The Act therefore incentivises the use of censorship resistant technologies by those who are most likely to have interest in looking at prohibited content… At least UK teenagers will be more engaged in the digital economy… The Bill assumed that people would use credit cards to assert their identity – because nothing could possibly go wrong with that.

Elsewhere in Ethereum

With the ethereum browser plugin giving cryptography, services, and payments, there wouldn’t be an “hard to explain” entries in your credit card history, just another single use address amongst many others, and fully protected from the state snoopers.

Ethereum contains its own currency with micropayments built in (it is the number 2 cryptocurrency behind bitcoin), and is now finalising the design of zero-knowledge proofs – so you can pay someone money, with the sender, recipient, and amount all able to be fully anonymous (which is a higher level than bitcoin, which is pseudonymous).

The systemic incentives in many ways are obvious – using internet agreements, it’s already been shown that a set of creators and contributors to a project can agree to a contract that automatically shares the proceeds in a pre-agreed and privacy preserving way – the “fair trade music industry”. Whether this project gets used or not is up to the world, but it’s possible, and possibility is what a digital economy can produce.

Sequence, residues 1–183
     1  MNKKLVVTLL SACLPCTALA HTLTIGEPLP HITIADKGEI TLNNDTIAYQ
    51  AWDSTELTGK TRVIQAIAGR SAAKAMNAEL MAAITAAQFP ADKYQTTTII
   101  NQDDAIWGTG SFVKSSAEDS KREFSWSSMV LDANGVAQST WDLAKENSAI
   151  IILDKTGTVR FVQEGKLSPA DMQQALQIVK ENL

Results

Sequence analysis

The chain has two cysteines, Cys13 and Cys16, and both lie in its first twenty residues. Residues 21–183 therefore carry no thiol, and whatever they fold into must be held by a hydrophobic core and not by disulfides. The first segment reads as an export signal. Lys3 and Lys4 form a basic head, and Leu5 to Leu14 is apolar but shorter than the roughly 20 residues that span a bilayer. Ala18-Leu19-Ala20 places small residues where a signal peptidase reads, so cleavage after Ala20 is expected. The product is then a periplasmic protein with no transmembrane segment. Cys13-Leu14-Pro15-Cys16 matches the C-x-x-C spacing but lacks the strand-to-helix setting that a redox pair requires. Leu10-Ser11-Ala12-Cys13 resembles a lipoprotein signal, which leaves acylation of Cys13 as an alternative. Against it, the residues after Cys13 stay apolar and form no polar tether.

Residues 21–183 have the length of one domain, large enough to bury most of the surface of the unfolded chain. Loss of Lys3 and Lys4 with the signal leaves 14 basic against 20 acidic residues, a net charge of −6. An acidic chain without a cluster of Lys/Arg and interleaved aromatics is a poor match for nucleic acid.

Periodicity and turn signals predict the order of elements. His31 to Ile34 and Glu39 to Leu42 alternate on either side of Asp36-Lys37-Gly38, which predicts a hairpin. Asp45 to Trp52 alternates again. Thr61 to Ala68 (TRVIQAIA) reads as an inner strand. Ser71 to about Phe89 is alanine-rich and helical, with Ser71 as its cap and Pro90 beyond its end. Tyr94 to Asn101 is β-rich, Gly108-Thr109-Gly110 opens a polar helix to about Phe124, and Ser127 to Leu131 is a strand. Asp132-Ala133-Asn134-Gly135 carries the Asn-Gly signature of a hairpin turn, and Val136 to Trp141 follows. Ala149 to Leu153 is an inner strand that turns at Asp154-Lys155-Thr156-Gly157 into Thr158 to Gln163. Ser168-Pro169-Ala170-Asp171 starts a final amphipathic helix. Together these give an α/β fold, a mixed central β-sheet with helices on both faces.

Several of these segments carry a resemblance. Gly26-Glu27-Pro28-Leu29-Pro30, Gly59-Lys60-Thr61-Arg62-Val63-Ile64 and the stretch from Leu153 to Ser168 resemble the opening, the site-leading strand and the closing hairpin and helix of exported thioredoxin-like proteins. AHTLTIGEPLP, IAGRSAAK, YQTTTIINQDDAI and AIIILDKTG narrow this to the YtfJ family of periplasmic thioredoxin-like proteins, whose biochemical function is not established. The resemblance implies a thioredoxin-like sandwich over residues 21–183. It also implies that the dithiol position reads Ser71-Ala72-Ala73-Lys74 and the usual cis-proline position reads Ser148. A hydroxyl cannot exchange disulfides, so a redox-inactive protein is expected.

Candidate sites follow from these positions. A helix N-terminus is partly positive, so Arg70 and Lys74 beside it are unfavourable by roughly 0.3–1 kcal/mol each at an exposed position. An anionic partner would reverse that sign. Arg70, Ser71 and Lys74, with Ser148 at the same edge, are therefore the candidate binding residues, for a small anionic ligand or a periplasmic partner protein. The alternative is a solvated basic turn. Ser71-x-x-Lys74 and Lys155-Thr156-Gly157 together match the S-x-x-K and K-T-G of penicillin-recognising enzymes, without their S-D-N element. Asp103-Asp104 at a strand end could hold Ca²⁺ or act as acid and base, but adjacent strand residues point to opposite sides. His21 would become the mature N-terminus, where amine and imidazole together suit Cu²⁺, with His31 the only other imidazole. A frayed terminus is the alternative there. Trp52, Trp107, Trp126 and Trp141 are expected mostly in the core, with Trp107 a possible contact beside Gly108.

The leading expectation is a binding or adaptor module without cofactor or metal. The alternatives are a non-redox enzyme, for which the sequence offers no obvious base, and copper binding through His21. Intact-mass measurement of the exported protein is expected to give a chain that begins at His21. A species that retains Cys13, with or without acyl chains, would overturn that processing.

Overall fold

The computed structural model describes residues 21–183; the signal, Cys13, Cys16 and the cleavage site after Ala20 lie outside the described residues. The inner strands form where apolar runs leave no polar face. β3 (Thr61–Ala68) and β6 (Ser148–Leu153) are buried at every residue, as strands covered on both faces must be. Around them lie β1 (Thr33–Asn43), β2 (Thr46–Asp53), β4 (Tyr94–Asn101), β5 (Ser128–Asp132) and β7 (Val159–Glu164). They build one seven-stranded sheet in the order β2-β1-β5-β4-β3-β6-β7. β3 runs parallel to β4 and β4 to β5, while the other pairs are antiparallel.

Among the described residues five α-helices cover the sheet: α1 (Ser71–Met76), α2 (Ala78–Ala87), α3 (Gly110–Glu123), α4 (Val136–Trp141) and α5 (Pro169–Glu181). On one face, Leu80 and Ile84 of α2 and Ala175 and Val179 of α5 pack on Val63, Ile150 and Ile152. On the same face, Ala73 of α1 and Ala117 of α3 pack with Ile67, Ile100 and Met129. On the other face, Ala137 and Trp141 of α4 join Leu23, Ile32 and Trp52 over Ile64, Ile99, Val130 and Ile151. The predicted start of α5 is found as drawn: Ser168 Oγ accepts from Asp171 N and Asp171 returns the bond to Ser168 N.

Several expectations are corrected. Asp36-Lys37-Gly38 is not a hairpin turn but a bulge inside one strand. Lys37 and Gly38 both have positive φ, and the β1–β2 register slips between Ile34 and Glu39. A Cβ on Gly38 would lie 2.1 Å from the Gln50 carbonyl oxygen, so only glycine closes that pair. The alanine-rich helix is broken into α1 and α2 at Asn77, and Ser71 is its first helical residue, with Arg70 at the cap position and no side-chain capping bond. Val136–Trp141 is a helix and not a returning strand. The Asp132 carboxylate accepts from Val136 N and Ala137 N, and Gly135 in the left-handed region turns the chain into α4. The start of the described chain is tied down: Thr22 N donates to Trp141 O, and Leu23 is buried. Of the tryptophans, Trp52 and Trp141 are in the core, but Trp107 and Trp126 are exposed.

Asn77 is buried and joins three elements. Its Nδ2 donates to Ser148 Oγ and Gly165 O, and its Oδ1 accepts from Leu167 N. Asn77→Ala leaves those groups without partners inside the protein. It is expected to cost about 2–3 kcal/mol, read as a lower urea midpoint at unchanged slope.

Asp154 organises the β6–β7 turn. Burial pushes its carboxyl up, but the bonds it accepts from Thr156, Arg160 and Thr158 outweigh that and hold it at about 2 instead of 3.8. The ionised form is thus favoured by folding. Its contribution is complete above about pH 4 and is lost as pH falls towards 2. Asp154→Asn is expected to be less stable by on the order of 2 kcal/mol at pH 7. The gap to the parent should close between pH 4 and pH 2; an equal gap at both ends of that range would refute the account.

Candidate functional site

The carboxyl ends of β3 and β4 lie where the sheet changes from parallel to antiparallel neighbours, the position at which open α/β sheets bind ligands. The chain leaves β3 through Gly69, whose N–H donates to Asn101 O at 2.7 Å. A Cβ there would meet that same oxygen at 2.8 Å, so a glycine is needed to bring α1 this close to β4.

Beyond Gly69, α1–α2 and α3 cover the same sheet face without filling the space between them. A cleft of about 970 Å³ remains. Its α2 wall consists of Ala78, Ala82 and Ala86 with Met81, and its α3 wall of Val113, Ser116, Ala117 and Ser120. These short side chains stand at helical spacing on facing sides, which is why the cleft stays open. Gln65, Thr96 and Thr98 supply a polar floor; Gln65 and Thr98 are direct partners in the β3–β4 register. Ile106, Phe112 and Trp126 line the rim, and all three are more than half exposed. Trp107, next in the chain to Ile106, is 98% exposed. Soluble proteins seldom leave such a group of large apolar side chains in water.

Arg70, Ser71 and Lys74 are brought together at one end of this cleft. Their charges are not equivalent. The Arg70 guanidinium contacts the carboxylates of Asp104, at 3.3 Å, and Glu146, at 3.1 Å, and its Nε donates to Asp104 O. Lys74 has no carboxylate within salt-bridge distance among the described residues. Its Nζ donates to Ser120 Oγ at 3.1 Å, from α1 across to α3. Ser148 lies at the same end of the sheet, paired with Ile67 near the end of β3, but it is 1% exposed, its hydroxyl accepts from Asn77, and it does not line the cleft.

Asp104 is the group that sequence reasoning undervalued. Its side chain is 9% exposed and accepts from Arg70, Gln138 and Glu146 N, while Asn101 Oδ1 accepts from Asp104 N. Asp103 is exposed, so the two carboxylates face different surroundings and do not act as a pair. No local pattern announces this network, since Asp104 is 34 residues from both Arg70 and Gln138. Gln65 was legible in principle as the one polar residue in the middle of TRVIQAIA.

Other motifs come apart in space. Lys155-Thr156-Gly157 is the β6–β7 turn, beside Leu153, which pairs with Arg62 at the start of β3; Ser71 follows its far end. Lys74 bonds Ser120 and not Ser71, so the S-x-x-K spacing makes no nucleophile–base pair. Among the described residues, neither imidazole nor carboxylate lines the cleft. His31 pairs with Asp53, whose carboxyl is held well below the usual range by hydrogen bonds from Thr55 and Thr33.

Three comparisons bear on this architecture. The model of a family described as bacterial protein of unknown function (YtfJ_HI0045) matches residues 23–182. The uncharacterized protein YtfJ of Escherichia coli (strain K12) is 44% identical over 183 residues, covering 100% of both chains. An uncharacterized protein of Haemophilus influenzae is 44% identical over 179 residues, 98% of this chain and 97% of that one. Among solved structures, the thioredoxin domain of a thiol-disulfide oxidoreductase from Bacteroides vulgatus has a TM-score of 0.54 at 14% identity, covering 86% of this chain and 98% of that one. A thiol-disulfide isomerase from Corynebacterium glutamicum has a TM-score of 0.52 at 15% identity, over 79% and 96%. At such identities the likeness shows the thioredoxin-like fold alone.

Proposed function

As a side effect of something else, the technically possible has already undermined the Digital Economy Act’s social intent.

A viewer can access something they want to, that otherwise they couldn’t, in a manner that is fully privacy preserving, and also ensure producers can get paid. You can get a trial app for your phone here (which also does secure comms using Signal based on your wallet address rather than email/phone number).

That is what a digital economy should enable, and indeed it does as a side effect… It’d just be nice if one day they did it deliberately…

Disclosure: in my day job, I was looking at (only) Part 5 of the Digital Economy Bill, which is also broken. The above is just me, just for fun.

Ps – the use of ether addresses as Signal endpoints is a rather genius idea, to build on top anything else. Although this story isn’t entirely new.


posted: 28 Apr 2017